(~wk 2 after calving).
Journal of Dairy Science Vol. 103 No. 1, 2020
gren, 2012). Intra-class correlation coefficients take val-
ues from 0 (poor agreement) to 1 (excellent agreement);
the calculated ICC for the 4 observers was 0.81 [95%
confidence interval (CI): 0.73–0.87]. When evaluating
ICC the 4 observers independently scored 54 cows on
the same day in 1 of the participating farms. While
scoring the cows, observers did not share information
about the scores assigned. The minimum BCS assigned
among the observers was 2, and the maximum was 5.
Feeding Time
Time-lapse cameras (Digital 20 Megapixels Long
Range IR; Cuddeback, De Pere, WI) were installed to
record the feed bunk of the dry pens on 5 farms every
10 min. On the remaining farm, 3 cameras (CCTV
model WVCW504SP; Panasonic, Osaka, Japan) were
mounted 6 m above the feed bunk in the dry pens.
These cameras were connected to a digital video sur-
veillance system (GeoVision; GeoVision Inc., Corona,
CA), which recorded video continuously. Videos were
scan-sampled every 10 min to evaluate feeding time.
A 10-min scan-sampling protocol has been previously
validated for evaluating the feeding time of feedlot
cattle (Mitlöhner et al., 2001).
Enrolled cows were individually marked with alpha-
numeric symbols on their backs to facilitate recognition.
Coat color on the back (% of black), and face markings
were also recorded to facilitate recognition. Differences
in cow size on 1 farm made it impossible to determine
if small cows were present at the feed bunk. For that
reason, a random sample of focal cows (n = 159) was
selected from the other 5 farms after the on-farm data
collection was completed.
A focal cow was scored as present at the feed bunk
if the head was fully over the feed bunk (i.e., ears past
the feeding barrier). Daily feeding time in minutes was
derived by multiplying the number of images that the
focal animal was present during a 24-h period by 10.
Daily feeding time was recorded for each focal cow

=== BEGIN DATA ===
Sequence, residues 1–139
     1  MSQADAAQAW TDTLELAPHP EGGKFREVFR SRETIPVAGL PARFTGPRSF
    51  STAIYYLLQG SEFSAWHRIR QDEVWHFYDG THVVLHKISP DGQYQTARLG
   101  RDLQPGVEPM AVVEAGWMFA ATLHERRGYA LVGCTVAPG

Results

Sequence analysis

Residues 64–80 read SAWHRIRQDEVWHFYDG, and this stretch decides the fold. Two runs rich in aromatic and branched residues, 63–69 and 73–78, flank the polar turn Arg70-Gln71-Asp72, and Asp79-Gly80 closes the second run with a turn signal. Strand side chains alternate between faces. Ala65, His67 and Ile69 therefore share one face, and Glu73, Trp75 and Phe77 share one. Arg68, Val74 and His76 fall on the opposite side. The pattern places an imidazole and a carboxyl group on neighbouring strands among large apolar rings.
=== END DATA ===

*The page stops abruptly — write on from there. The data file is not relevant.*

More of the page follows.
Daros et al.: LAMENESS AND TRANSITION DISEASES
Table 1. Farm characteristics and management of the 6 participating freestall dairy farms in the lower Fraser Valley, British Columbia, Canada
Characteristic
Farm
A B C D E F
Herd size1 (no.) 185 510 540 310 330 290
Cows enrolled2 (no.) 15 105 101 79 73 54
Breed Holstein Holstein Holstein Holstein Mixed3Holstein
Milk production4 (kg/lactation) 12,718 12,819 12,942 10,461 9,134 12,210
Milkings per day (no.) 2 3 2 2 2 2
Feeding frequency (no.)
Dry cows 1 1 1 1 0.551
Lactating cows 1 1 1 2 1 2
Cows per feed space6 (no.)
Dry pens 0.8 0.9 1.0 0.8 1.2 0.8
Lactating pens 1.0 1.0 0.9 1.0 1.1 1.3
Cows per lying space7 (no.)
Dry pens 1.0 0.7 0.8 0.8 1.0 0.9
Lactating pens 1.0 0.8 0.9 1.0 1.1 1.0
Days dry (mean) 58 64 59 62 63 57
Pen changes from dry-off to 2 wk after calving (no.) 4 4 4 4 4 5
Pen layout
Far-off pens Freestall Freestall Freestall Freestall Freestall Freestall
Close-up pens Open pack Open pack Freestall Open pack Freestall Freestall
Pen flooring
Far-off pens Concrete Concrete Concrete Concrete Concrete
slats
Rubber
Close-up pens Sawdust,
concrete
Sawdust,
concrete
Concrete Sawdust,
concrete
Concrete
slats
Rubber
Manure handling Scraper Scraper Flush Tractor Robot Scraper
1Sum of dry and lactating animals; pregnant heifers not included.
2Number of enrolled cows that were not removed before calving.
3Holstein, Ayrshire, Jersey, and their crosses.
4Previous lactation (305-d corrected); based on data for all enrolled cows.
5Dry cows fed every other day.
6One feed space was defined as 1 head-lock. When no headlocks were present a feed space was considered 60 or 76 cm linear feed space for lactat-
ing and dry cows, respectively. Values represent the average number of cows per lying space during the study period.
7One lying space was defined as 1 freestall or 11 m2 in open-pack pens. Values represent the average number of cows per lying space during the
study period.
Journal of Dairy Science Vol. 103 No. 1, 2020